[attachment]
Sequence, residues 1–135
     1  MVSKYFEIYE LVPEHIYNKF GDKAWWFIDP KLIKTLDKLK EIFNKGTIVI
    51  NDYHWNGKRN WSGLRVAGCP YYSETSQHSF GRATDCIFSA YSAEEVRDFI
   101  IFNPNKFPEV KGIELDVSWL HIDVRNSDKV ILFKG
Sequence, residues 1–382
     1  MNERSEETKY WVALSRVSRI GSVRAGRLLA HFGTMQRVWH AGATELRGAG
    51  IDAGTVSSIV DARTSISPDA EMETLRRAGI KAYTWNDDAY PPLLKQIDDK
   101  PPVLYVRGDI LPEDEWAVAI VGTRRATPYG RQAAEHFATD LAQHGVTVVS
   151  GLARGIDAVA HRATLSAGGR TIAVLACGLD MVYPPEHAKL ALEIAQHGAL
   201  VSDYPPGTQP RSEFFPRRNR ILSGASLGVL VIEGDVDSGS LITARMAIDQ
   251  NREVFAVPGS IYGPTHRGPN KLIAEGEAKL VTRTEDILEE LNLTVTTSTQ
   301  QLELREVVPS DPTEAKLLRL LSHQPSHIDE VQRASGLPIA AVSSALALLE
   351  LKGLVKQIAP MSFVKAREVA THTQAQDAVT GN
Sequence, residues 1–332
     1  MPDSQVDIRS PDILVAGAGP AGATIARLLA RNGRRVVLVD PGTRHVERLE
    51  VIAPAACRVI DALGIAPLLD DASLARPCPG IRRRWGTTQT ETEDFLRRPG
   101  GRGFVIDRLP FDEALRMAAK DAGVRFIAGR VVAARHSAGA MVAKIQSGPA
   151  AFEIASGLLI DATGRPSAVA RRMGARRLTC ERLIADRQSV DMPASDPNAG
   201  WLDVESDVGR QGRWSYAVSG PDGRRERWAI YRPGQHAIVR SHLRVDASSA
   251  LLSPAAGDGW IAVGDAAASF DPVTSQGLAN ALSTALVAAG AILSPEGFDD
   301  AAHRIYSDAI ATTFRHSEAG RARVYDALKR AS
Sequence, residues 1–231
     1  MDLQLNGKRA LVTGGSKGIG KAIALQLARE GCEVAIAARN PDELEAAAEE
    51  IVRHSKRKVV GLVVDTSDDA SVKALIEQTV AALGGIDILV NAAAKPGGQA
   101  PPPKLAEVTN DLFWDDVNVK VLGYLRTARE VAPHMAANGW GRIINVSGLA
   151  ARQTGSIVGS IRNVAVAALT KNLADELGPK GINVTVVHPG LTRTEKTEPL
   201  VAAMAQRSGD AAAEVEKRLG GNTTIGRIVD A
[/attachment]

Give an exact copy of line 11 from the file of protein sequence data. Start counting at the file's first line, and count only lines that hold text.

   251  NREVFAVPGS IYGPTHRGPN KLIAEGEAKL VTRTEDILEE LNLTVTTSTQ